‘Year 2 of freedom’: Ancient coin from Bar Kochba revolt found near Temple Mount
search

‘Year 2 of freedom’: Ancient coin from Bar Kochba revolt found near Temple Mount

Israel Antiquities Authority reveals the coin, one of only four from the era to be discovered in the area, to mark Lag B’Omer holiday

This photo released by the Israel Antiquities Authority on May 11, 2020, shows a coin from the Bar Kochba revolt found near the Temple Mount in Jerusalem's Old City. (Koby Harati/City of David Archives)
This photo released by the Israel Antiquities Authority on May 11, 2020, shows a coin from the Bar Kochba revolt found near the Temple Mount in Jerusalem's Old City. (Koby Harati/City of David Archives)

The Israel Antiquities Authority on Monday revealed a coin minted during the Bar Kochba revolt that was unearthed near the Temple Mount in Jerusalem’s Old City.

The announcement of the coin’s discovery was timed to coincide with the Lag B’Omer holiday, which begins Monday evening and marks the death of second-century sage Rabbi Shimon Bar Yohai.

The festival is usually celebrated in Israel with large bonfires, which are meant to honor both Bar Yohai and those who took part in the Bar Kochba revolt, an uprising against Roman rule in Judea in 132-135 CE.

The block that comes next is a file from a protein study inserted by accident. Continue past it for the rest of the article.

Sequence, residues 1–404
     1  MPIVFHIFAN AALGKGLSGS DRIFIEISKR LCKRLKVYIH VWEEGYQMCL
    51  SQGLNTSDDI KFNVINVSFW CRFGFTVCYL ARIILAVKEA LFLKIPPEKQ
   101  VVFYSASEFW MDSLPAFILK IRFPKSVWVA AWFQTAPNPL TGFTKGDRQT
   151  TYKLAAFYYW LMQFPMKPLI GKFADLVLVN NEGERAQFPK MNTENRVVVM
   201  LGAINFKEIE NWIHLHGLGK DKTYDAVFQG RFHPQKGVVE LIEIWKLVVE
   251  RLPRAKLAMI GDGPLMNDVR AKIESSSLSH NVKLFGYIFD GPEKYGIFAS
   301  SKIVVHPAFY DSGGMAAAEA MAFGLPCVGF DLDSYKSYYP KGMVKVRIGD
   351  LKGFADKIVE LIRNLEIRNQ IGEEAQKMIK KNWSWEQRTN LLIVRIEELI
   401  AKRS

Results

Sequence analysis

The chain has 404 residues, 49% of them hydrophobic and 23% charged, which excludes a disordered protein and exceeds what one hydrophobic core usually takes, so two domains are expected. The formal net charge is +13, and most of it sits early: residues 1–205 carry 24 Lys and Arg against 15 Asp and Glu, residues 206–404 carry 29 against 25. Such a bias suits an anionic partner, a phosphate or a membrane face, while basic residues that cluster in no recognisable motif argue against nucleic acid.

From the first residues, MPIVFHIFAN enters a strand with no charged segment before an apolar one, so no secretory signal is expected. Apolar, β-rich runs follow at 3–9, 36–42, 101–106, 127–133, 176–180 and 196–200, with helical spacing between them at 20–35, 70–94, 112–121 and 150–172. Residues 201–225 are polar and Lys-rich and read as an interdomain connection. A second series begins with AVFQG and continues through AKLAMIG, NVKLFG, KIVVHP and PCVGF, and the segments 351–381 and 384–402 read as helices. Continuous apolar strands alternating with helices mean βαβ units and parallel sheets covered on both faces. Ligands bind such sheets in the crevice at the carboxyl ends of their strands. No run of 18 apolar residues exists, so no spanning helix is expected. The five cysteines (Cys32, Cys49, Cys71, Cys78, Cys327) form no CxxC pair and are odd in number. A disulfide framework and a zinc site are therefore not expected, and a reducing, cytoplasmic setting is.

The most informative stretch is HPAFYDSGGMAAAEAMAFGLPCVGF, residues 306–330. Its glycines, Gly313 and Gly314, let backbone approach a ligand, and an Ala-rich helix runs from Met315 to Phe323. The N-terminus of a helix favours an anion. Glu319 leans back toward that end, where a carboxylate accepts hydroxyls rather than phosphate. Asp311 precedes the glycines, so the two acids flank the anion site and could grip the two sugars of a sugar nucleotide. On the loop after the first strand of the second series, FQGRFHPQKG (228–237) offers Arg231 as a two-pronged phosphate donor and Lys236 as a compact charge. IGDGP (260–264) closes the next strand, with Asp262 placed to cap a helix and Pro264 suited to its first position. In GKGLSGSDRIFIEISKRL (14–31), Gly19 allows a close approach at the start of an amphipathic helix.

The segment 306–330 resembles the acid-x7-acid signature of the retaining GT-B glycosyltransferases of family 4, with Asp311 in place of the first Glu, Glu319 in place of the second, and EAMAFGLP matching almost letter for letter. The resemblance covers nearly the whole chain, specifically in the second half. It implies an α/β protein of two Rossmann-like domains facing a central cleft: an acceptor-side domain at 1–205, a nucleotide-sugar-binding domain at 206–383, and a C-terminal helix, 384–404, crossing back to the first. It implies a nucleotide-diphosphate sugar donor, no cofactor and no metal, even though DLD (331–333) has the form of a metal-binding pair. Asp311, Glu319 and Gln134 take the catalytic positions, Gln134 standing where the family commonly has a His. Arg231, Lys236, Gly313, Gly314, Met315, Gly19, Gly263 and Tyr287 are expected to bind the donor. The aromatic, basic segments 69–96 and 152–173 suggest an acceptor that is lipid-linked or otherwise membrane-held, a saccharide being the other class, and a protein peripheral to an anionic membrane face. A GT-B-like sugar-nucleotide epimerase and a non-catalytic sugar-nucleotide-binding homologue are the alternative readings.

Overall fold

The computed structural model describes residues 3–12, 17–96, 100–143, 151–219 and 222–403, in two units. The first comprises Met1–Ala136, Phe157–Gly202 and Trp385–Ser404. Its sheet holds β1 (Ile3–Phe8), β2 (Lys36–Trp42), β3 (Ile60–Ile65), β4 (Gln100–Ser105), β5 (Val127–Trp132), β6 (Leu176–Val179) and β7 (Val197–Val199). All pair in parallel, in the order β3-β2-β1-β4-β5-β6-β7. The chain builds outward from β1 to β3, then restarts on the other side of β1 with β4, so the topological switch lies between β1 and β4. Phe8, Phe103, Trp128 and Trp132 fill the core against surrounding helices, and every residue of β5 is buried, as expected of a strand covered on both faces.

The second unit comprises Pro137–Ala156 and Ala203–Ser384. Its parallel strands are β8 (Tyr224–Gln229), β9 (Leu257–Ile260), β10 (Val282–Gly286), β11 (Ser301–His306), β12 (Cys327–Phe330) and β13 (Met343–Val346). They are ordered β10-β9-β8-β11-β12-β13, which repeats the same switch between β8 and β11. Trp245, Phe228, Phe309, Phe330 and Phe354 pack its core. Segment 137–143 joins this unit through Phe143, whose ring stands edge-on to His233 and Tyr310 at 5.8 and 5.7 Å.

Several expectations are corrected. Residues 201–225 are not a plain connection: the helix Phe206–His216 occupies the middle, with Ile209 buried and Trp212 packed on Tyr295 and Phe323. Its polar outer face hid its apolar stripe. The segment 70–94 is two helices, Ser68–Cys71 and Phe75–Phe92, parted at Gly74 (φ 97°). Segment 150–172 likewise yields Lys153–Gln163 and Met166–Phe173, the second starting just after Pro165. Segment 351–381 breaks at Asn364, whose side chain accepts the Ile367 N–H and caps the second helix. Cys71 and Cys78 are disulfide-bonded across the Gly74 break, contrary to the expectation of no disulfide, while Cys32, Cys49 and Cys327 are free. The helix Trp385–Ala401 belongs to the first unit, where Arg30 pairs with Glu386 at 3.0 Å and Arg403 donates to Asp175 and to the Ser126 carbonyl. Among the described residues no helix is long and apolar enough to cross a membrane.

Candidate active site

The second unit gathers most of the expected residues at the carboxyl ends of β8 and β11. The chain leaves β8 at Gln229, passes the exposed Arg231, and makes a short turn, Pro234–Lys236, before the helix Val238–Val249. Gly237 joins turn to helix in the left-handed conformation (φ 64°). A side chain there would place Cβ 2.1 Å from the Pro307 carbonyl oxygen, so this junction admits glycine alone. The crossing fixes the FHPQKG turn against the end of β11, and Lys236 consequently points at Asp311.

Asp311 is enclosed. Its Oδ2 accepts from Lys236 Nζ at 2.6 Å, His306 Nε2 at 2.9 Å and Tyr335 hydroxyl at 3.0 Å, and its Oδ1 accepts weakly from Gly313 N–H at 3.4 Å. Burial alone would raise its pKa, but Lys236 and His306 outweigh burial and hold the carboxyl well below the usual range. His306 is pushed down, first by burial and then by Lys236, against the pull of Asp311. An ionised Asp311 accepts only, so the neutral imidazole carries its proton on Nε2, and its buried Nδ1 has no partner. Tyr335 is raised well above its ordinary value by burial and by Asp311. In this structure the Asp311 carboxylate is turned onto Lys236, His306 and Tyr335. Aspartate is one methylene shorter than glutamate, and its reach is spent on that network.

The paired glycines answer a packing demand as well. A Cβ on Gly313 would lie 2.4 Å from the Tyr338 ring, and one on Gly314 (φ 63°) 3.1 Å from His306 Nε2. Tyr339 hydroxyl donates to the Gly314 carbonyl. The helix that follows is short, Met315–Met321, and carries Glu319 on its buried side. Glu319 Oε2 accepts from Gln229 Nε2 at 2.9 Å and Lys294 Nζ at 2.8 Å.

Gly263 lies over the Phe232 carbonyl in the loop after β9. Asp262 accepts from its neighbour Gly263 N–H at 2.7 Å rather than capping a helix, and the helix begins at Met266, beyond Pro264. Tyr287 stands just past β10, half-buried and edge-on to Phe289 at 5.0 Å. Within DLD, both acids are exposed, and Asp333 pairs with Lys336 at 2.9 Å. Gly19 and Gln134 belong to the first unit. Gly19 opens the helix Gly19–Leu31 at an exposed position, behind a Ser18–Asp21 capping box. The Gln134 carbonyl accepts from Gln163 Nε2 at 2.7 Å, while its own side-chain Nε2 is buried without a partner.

The coin, which was found in the William Davidson Archaeological Park next to the Western Wall, is adorned with a cluster of grapes and the words “Year Two of the Freedom of Israel” on one side — declaring the rebels’ purpose — while the other side has a palm tree and the word “Jerusalem.”

Dr. Donald Tzvi Ariel, head of the Israel Antiquities Authority’s coin department, said of the thousands of coins found in the area of the Old City, only four have been from the time of the Bar Kochba revolt, though many more have been discovered elsewhere in the country.

He also said the new coin was the only one from that era found in Jerusalem that bears the city’s name. Israeli Antiquities Authority archaeologists Moran Hagbi and Dr. Joe Uziel speculated the coins may have been brought to Jerusalem by Roman legionaries who helped crush the revolt and saved them as souvenirs, noting Bar Kochba’s forces were never able to penetrate the city’s ancient borders.

This photo released by the Israel Antiquities Authority on May 11, 2020, shows a coin from the Bar Kochba revolt found near the Temple Mount in Jerusalem’s Old City. (Koby Harati/City of David Archives)

The Bar Kochba revolt, which lasted three and a half years, was the last and arguably greatest of several Jewish uprisings against foreign rulers in ancient times. The rebels prepared well ahead of time and according to the 3rd century historian Dio Cassius, Roman legions were brought from other empire outposts to quell it.

Dio Cassius wrote that some 50 Jewish fortresses and over 1,000 settlements were destroyed, along with hundreds of thousands of Jewish lives lost. Rabbinical leaders who supported Bar Kochba were executed, including the scholar Rabbi Akiva, who had renamed Shimon Bar Coseba as Bar Kochba (Son of the Star), a messiah for the Jews.

read more:
comments